• I used styled-components for CSS and thought it was great. I’ve never liked the rigamarole of mapping identifiers and classes to their styles, so I found the CSS-in-JS approach to be a major improvement. That said, it does carry some extra considerations, especially surrounding security; see this post on CSS-in-JS security from James K Nelson at Frontend Armory.

Overall I found React easy to work with. As long as you’re familiar with basic web technologies like HTML, CSS, and JS it’s pretty simple to pick up React.

The REST endpoints

The second portion of the app is the REST API layer. This is extremely simple, comprised of only a read and write function written in JavaScript. My goal was mainly to try out Netlify Functions to see how well it works, and generally I like it. It’s a very simple way to add some backend code to a project. You don’t have to bother with an AWS account, IAM roles, API Gateway, etc. You just write your code, configure netlify.toml to account for it, and deploy. That’s great for a small project.

There’s only one real downside: all functions are deployed to AWS us-east-1 by default. This isn’t necessarily bad, though us-east-1 has had its troubles. More importantly, it doesn’t really match up with the rest of Netlify’s platform. One of Netlify’s best features is its global distribution, minimizing latency for users all over the world. With functions only served from a single region that distribution improvement is lost. (More on distribution later.) I don’t really fault Netlify for this because it’s a difficult problem and Netlify Functions isn’t meant to be an all-encompassing solution.

At the moment Netlify only supports JS and Go functions, but I’m willing to bet that list will grow.

The database: Fauna

For the database I used FaunaDB. (Note: a database expert I am not.) Fauna is somewhat comparable to Google Spanner, though the pricing model is very different; Fauna charges per transaction while Spanner is per node/hour. Both are fully managed relational databases built for cloud applications and with scalability in mind.

As I mentioned earlier, what most interested me about Fauna was the worldwide distribution (again, more on this in a bit). Fauna advertises their data replication to – at the time of writing – four data centers, in the US (3) and Europe (1). At least 5 more are planned as well, in more parts of the globe. While that first piqued my interest because it’s a hard problem to solve for databases, it also seemed like it would work well with lots of applications – not necessarily as the main data store, but for pieces.

Many applications/services need fast reads and fast-enough writes globally for certain things. Going by Fauna’s own numbers they can achieve reads in 1-10ms, and writes in 100-150ms, with global consistency. It’s not light-speed like some in-memory stores but that’s great (or seems that way to me) for things where you have lots of people submitting data that’s quickly read by people elsewhere in the world. As an imperfect example, posting a Tweet about a developing news story should happen quickly and needs to be visible to everyone else very quickly – Fauna seems like it could be good for situations like that.

To provide some data of my own, the submission function that writes to the database takes about 1.3 seconds for the first write in a while (I would assume this is an AWS Lambda cold start) but is more like 300ms on average. That’s being run from Oregon and runs the REST layer in us-east-1, so there is some latency and processing involved. The read function in the same scenario takes about 140ms.

The other interesting thing is the security model: you can provision and distribute keys to clients, which can be used in the browser’s JavaScript. I did not use this because I needed to read and manipulate the data before passing it on to the client; Fauna may be able to handle this with user-defined functions but I didn’t investigate that too much.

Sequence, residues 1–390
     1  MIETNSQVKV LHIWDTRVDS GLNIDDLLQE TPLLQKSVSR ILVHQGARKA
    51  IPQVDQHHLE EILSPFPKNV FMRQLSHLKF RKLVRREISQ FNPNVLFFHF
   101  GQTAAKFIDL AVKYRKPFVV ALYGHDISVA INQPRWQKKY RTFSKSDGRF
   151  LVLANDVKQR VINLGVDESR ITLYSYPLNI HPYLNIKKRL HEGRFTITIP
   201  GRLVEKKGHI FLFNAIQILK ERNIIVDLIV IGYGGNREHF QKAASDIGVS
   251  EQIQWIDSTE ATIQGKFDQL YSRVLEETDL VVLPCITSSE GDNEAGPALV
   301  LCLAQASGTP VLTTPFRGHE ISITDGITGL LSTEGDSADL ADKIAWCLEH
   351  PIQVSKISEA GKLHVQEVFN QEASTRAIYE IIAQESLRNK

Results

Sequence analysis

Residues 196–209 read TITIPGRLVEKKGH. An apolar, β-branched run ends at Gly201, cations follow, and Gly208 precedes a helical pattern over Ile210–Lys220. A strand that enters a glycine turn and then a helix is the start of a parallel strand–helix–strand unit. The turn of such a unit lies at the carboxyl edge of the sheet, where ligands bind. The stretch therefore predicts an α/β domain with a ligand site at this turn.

Overall Fauna was a breeze to set up and use. They publish a driver for JavaScript (and many other languages) that’s easy to work with. Creating an account, setting up, and using a database is simple and free. I haven’t encountered any problems using it, but I am also not pushing its limits whatsoever. The only things I’ve noticed is the relative lack of analytics. Considering the free tier, ease of setup, and ease of use, I’ll probably use Fauna as the initial database for new projects, and analyze the database choice when it becomes more important.

Global distribution

Now to finally get around to the topic I keep mentioning: global distribution.

Two of the services used here, Netlify and FaunaDB, distribute your files/code/data worldwide. With those two, the application and its data are available in many geographical areas, if not globally. However, the REST layer, provided by Netlify Functions, is only available in the Eastern US by default. Obviously that leads to a performance oddity: loading the application is quite quick, but running database operations incurs some latency.

For future investigation, I plan to look at Lambda@Edge, Zeit Now, and/or Cloudflare Workers. All of these services allow you to run code on CDN edge servers, which could move the REST API from a single location to many. Cloudflare Workers is interesting because it’s familiar to me (I use it at work and personally) and because of the cache API they provide, which should decrease the number of database requests required. Zeit is also intriguing because they provide both static site hosting and function deployment – and they have a free tier.

From what I’ve learned here this stack has interesting performance potential:

  1. Static assets/application on Netlify (Akamai)
  2. REST layer on CF Workers, with caching
  3. Data on FaunaDB

Alternatively, Zeit may make this even simpler:

  1. Static assets/application on Zeit (AWS?)
  2. REST layer on Zeit, with caching
  3. Data on FaunaDB

I’d like to explore that sometime in the coming months.


Some closing notes:

  • If you know HTML, CSS, and JS, React is easy to pick up
  • React really is as powerful as everyone says
  • Netlify Functions work well and are simple to set up, but may not be suitable for more complex use cases
  • FaunaDB is easy to set up and work with, and I was impressed by the performance

You can check out the application I built here:

The code is available here:

Thanks for reading.